Frozen versus Fresh: What type of Muscle Sample Works Best for the Diagnosis of Mitochondrial Disease in a Clinical Laboratory?

Grant and Project Information

Date: April 2014

Award: $32,500 for one year.

Frozen versus Fresh: What type of Muscle Sample Works Best for the Diagnosis of Mitochondrial Disease in a Clinical Laboratory?

Lauren MacNeil PhD( 1), Murray Potter MD (1,3), Mark Tarnopolsky, MD, PhD(2,4)

  1. Department of Pathology and Molecular Medicine, McMaster University
  2. Departments of Pediatrics & Medicine, McMaster University
  3. Biochemical genetics laboratory, Department of Laboratory Medicine, Hamilton Health Sciences
  4. Department of Neuromuscular and Neurometabolic Diseases, Hamilton Health Sciences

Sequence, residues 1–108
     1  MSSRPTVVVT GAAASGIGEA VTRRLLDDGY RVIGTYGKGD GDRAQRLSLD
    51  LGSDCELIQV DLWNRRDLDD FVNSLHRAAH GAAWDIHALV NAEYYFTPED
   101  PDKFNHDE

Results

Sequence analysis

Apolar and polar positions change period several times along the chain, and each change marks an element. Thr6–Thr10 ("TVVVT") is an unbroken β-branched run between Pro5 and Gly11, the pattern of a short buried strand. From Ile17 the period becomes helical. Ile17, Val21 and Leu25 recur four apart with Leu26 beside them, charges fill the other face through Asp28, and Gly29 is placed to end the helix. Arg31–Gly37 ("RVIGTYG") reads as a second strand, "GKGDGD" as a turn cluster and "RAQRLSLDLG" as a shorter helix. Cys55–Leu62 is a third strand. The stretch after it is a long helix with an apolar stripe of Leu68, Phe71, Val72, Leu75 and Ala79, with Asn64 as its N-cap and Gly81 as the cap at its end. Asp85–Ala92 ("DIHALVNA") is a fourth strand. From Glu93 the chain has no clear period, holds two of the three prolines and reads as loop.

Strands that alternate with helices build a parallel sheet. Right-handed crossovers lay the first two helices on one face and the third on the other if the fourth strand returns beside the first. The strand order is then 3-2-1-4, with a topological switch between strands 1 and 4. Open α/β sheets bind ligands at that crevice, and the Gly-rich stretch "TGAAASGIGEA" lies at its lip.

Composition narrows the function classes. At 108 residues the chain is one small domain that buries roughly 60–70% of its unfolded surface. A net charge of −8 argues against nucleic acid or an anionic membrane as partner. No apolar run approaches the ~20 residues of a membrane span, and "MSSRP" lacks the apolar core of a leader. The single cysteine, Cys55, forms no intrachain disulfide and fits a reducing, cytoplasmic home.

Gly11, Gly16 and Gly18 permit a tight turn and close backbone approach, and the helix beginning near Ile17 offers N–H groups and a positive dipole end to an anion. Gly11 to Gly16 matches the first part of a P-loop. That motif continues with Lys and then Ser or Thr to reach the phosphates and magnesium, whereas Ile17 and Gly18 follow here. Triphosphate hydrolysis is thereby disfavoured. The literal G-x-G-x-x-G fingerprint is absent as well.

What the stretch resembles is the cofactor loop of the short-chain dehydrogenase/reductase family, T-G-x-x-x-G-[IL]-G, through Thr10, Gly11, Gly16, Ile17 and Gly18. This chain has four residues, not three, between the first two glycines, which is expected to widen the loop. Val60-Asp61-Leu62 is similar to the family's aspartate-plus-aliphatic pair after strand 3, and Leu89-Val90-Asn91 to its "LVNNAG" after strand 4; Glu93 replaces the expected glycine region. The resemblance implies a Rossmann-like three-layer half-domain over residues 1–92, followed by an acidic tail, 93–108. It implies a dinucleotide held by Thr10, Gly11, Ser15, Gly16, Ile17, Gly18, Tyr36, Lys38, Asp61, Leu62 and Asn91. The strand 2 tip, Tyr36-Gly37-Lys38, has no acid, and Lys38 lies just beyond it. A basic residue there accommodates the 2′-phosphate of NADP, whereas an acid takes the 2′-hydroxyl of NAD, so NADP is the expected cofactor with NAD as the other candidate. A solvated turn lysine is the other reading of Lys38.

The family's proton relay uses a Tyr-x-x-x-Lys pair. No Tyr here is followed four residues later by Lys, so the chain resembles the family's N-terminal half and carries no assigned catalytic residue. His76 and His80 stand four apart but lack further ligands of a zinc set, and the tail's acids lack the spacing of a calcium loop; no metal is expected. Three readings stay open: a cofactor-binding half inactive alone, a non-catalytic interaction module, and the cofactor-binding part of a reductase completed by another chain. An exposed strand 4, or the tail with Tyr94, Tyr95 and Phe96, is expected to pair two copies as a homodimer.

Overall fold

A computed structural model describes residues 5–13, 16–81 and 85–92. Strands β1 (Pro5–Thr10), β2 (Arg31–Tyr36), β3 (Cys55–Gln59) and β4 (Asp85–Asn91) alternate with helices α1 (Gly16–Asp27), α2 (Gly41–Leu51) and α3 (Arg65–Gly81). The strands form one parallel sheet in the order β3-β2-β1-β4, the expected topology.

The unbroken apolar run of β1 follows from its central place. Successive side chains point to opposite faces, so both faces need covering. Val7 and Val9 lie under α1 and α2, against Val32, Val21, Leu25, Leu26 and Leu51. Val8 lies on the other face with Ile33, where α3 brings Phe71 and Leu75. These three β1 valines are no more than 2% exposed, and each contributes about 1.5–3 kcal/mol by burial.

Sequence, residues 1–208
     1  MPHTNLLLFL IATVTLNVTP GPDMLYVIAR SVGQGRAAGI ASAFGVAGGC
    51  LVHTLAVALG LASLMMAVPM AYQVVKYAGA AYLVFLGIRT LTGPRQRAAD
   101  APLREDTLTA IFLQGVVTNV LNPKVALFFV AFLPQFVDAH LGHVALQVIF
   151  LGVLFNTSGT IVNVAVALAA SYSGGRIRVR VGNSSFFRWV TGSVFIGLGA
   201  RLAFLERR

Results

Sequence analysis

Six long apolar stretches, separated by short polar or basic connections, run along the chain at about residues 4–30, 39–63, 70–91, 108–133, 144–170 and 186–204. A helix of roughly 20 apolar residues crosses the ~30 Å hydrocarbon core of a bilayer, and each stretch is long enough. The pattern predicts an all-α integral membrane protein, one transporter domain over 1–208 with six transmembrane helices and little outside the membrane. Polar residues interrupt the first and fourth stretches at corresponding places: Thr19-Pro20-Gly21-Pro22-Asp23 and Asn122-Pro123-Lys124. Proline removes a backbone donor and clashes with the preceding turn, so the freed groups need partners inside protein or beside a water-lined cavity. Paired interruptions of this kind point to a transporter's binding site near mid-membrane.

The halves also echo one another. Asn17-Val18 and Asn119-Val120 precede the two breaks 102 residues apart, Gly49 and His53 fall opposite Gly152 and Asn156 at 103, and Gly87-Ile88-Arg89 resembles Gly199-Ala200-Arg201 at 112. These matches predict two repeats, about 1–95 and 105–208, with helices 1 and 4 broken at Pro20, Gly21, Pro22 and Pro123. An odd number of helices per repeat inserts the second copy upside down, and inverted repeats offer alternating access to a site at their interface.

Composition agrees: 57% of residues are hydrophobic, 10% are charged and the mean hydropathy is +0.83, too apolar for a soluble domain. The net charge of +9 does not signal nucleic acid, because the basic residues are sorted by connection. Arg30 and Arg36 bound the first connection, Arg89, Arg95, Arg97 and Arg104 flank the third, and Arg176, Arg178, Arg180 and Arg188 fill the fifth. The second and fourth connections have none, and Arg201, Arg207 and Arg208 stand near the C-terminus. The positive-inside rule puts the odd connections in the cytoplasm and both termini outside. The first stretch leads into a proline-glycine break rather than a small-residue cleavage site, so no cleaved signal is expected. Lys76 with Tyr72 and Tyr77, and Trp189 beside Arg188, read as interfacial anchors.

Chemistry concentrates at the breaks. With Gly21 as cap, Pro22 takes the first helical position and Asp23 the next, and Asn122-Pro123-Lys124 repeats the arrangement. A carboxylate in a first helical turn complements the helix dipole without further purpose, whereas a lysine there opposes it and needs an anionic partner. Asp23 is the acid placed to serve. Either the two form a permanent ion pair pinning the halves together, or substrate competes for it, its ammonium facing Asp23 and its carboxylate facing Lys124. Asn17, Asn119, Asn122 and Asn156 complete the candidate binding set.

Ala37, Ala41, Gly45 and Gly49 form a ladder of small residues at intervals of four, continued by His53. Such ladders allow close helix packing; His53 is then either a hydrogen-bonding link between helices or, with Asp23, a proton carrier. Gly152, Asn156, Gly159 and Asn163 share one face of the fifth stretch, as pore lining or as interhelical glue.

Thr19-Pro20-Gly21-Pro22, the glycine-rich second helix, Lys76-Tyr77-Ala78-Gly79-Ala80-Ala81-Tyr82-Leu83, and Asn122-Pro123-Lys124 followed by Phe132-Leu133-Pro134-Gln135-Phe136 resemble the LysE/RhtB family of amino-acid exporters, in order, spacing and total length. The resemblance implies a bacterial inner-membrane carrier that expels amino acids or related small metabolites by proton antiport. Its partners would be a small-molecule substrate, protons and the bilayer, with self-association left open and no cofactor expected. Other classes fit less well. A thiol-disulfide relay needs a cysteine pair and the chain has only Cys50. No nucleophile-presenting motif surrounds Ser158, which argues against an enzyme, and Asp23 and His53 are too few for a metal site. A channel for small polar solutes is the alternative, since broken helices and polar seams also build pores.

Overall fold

Diagnosis of mitochondrial disorder is achieved using biochemical testing of a muscle biopsy. Measurement of mitochondrial function is most accurate when it is done on fresh samples shortly after collection. However, many samples are collected in locations far from a diagnostic centre and must be frozen for storage/shipping. Freezing limits the types of analyses that can be done and can introduce factors that may alter the testing results and affect the ability to correctly detect mitochondrial dysfunction. Using muscle samples collected from adult participants with and without mitochondrial disease, we will compare high resolution respirometry and enzyme activity in fresh tissue to protein and enzyme activity in frozen tissue to determine if either method is superior.